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Gasoline or gas (North America) or petrol (Commonwealth countries) is a fuel derived from petroleum, which is in turn generally thought to be derived from ancient vegetable matter. Gasoline is an aliphatic hydrocarbon, or the molecules are composed of nothing but hydrogen and carbon in long chains. The energy contained in a gallon of gasoline is approximately 132x106 joules of energy, equivalent to 120,286 BTU or 35,252 watt-hours.[1] However, Diesel fuel is much more efficient and has an energy density of 139,000 BTU.

trends in pump price in USA, in 2009 dollars

Gasoline is refined from crude oil via distillation. Gasoline is sold at gas or fueling stations where it is pumped into vehicles. Gasoline is usually sold in three grades: regular (87 octane in most places, and the cheapest), a mid-level grade (89 octane) and premium (93 octane, usually the most expensive). Some stations also sell a gasoline mix which is 85% gasoline and 15% ethanol which has an 88 octane level (branded as "Unleaded 88" or "E15" and is commonly cheaper than regular gasoline by a few cents).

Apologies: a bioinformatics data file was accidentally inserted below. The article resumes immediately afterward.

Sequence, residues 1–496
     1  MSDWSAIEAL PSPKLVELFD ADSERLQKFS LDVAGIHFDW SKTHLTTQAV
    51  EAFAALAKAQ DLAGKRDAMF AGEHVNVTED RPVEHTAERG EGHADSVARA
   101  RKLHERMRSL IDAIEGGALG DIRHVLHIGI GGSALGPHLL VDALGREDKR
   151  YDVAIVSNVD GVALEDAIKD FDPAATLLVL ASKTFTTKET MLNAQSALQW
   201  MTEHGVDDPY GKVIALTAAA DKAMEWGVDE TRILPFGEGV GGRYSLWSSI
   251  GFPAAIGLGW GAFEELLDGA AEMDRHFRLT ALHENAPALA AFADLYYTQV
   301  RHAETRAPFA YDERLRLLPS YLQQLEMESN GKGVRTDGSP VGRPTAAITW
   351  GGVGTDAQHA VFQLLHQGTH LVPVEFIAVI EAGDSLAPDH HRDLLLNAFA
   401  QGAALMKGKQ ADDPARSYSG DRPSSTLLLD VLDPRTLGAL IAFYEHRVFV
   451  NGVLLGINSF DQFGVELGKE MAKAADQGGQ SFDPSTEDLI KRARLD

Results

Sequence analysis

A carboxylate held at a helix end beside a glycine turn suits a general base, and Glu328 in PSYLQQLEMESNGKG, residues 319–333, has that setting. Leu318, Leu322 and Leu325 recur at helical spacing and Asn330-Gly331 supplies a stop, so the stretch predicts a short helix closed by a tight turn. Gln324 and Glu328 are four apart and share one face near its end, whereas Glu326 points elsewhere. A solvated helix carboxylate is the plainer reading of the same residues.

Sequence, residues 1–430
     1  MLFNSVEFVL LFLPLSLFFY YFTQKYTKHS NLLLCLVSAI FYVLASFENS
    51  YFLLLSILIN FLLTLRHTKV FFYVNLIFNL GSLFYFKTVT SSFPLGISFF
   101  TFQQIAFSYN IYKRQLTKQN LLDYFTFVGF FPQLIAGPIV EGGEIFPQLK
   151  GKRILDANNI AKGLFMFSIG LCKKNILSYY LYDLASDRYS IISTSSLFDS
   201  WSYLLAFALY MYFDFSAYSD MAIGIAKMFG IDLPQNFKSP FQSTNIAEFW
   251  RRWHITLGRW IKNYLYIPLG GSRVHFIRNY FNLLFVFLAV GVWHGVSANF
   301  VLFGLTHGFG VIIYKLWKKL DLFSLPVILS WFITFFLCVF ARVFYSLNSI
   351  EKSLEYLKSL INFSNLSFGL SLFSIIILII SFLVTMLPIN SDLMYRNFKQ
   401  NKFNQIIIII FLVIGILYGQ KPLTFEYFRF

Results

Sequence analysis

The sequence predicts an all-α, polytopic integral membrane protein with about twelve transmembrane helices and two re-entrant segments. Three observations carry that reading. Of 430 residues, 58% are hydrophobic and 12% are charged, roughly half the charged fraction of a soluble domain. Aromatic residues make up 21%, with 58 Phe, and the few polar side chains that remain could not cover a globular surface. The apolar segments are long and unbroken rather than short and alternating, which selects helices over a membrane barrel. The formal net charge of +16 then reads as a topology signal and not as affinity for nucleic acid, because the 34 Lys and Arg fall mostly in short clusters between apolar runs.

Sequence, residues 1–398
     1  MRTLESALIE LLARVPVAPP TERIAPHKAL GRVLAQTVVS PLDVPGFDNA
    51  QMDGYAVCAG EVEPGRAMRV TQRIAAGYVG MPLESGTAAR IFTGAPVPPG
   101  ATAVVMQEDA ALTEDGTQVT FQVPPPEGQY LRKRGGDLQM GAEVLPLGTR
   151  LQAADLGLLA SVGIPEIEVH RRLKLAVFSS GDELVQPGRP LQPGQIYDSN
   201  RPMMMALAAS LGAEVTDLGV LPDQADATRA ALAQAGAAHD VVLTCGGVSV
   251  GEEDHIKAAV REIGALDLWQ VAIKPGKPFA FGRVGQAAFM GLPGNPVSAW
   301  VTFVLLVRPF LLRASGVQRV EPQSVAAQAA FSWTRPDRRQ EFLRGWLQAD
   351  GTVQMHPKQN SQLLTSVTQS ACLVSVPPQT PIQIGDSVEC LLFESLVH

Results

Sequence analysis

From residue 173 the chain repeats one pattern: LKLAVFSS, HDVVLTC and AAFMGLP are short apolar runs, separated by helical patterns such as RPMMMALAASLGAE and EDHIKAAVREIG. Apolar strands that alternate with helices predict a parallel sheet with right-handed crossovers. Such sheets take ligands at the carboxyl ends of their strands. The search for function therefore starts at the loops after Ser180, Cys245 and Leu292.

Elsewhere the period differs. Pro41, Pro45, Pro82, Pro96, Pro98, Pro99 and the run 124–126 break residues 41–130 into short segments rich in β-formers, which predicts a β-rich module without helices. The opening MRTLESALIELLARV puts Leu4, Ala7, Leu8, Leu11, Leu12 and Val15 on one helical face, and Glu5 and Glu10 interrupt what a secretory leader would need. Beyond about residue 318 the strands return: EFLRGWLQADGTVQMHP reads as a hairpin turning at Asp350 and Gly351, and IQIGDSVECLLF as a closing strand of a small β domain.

According to national figures from the U.S. Department of Energy, in May 2007, 46% of the cost of gasoline went to pay for crude oil, 28% for refining, 13% to taxes, and 13% for distribution and marketing.[2] While prices have risen to new highs, in inflationary terms, gas prices are still lower than during the 1973 Energy Crisis or the 1979 Energy Crisis. Prices have gone down since the Trump Presidency.

See also